Links: Vatican II, Lectionary and Revised Common Lectionary
Dr. Fred Kimball Graham
October 31, 2013
Seminary Hall 101
The Thompson Liturgical Studies Lecture and Chapel presentation is sponsored by the Hackensack Congregational Church.
The Fiftieth Anniversary of Sacrosanctum Concilium, the Constitution on the Sacred Liturgy will be celebrated by Roman Catholics in December 2013. This life-changing document resulted from the Second Vatican Council, in which the late Professor Bard Thompson was a participant-observer. Reference is often made today to resulting changes made to liturgical language, or placement of the Holy Table, but rarely to consideration of the introduction of “more and abundant readings” from Holy Scripture in a totally revised lectionary. It affected not only Roman Catholic spiritual life but also, in a second wave, that of most mainline denominations. The witness is found in the Revised Common Lectionary (1992). Fred Graham, who was a task force member (1988-1992) for the Consultation on Common Texts leading to publication of the RCL, has just edited a new annotated version of the lectionary, marking its twentieth anniversary year. He will address similarities and differences in lectionary schemes, and touch on the impact of lectionary change on hymn writing and preaching patterns in North America.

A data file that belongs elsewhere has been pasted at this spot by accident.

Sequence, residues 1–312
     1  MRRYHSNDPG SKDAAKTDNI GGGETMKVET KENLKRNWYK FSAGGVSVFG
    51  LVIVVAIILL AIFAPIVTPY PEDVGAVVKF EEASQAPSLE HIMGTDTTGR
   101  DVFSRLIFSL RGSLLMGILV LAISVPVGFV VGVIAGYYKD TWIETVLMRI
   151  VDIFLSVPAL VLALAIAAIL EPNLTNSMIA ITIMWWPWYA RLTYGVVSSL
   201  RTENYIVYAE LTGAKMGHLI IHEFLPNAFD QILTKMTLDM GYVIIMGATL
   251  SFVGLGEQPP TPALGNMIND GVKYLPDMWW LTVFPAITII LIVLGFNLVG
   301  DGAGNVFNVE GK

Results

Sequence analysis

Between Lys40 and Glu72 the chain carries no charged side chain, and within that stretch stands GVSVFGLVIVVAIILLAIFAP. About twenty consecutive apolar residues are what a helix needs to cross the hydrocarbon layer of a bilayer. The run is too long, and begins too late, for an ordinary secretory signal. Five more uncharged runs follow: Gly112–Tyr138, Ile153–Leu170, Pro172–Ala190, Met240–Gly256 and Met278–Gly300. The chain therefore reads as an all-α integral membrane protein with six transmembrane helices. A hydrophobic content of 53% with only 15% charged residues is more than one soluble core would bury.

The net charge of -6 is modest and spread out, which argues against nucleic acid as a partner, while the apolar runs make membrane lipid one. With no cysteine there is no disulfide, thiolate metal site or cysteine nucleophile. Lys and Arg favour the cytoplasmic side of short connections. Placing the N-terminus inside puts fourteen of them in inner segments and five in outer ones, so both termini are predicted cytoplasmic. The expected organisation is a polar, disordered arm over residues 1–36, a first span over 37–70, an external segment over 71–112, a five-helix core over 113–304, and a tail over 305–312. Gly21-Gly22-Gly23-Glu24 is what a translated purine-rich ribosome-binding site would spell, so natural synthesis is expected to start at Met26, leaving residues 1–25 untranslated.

Dr. Graham will also be present at the Bard Thompson Chapel Service at 11:20am on October 31 in Craig Chapel.
GRAHAM, Fred Kimball. b. Oshawa, Ontario, 8 April 1946. He was educated at the Royal Conservatory of Music (ARCT 1966) and the University of Toronto (Mus.Bac. in Education 1967), winning a graduating scholarship which took him to Germany for three years to study sacred music and conducting. He completed a Fellowship in the Royal College of Organists in London in 1970.
Returning to Canada he taught instrumental and choral music in Ottawa, and served as continuo organist for the National Arts Centre (1970-75). In Atlantic Canada he taught music in Saint John, NB, before becoming music director of the Cathedral Church of All Saints (Anglican) in Halifax in 1978, where he taught organ performance at Dalhousie University and was Adjunct Professor of Church Music and Speech Arts at the Atlantic School of Theology. He completed a Master of Music in Organ Performance and Literature at Eastman School of Music and Art, Rochester, NY, in 1981; pursuing further graduate study in the field of liturgy and worship at Drew University Graduate School in Madison, New York (M.Phil, Liturgical Studies (1988), Ph.D , Liturgical Theology (1991). For his doctoral dissertation, supervised by Robin A. Leaver, he researched Methodist hymn tunes in hymnbooks published by the Methodist Episcopal Church between 1808 and 1878.